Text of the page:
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Grapefruit Juice & Beta Blockers

by
author image Adam Cloe
Adam Cloe has been published in various scientific journals, including the "Journal of Biochemistry." He is currently a pathology resident at the University of Chicago. Cloe holds a Bachelor of Arts in biochemistry from Boston University, a M.D. from the University of Chicago and a Ph.D. in pathology from the University of Chicago.
Grapefruit Juice & Beta Blockers
Pink grapefruit juice in a clear cup. Photo Credit banabana-san/iStock/Getty Images

The effects of some medications can be increased or decreased when they are taken with certain foods. Although grapefruit juice interacts with many medications, it does not affect beta blockers. However, because beta blockers can be affected by some foods and over-the-counter medications, if you are taking beta blockers you should talk to your doctor about food and drug interactions.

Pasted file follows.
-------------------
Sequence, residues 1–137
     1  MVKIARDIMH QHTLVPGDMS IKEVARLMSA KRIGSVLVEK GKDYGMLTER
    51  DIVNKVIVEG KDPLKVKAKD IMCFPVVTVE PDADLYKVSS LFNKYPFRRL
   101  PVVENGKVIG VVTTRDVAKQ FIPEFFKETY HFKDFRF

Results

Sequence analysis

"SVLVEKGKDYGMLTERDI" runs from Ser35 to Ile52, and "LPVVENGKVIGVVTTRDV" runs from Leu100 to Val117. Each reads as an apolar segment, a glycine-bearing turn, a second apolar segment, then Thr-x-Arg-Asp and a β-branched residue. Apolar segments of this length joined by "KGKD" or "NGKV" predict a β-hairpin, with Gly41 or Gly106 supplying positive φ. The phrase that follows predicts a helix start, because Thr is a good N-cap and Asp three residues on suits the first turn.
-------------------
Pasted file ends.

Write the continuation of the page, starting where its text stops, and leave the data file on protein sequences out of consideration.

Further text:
Grapefruit Juice

Grapefruit juice can interfere with how the body breaks down and eliminates medications. Many medications are broken down by the liver using an enzyme called cytochrome P450, which is inhibited by grapefruit juice. Consequently, grapefruit juice can increase the levels of many drugs in the body, including several cholesterol-lowering statins. However, grapefruit juice does not interfere with the metabolism of beta blockers.

Beta Blockers

Beta blockers include the drugs sotalol, propranolol and metoprolol, also known as Betapace, Inderal and Lopressor. These drugs can be used to treat high blood pressure and other conditions. People taking beta blockers should avoid foods with caffeine, over-the-counter cough and cold medicines, antacids with aluminum, and antihistamines. Alcohol should also be avoided, since it can reduce the effects of beta blockers.

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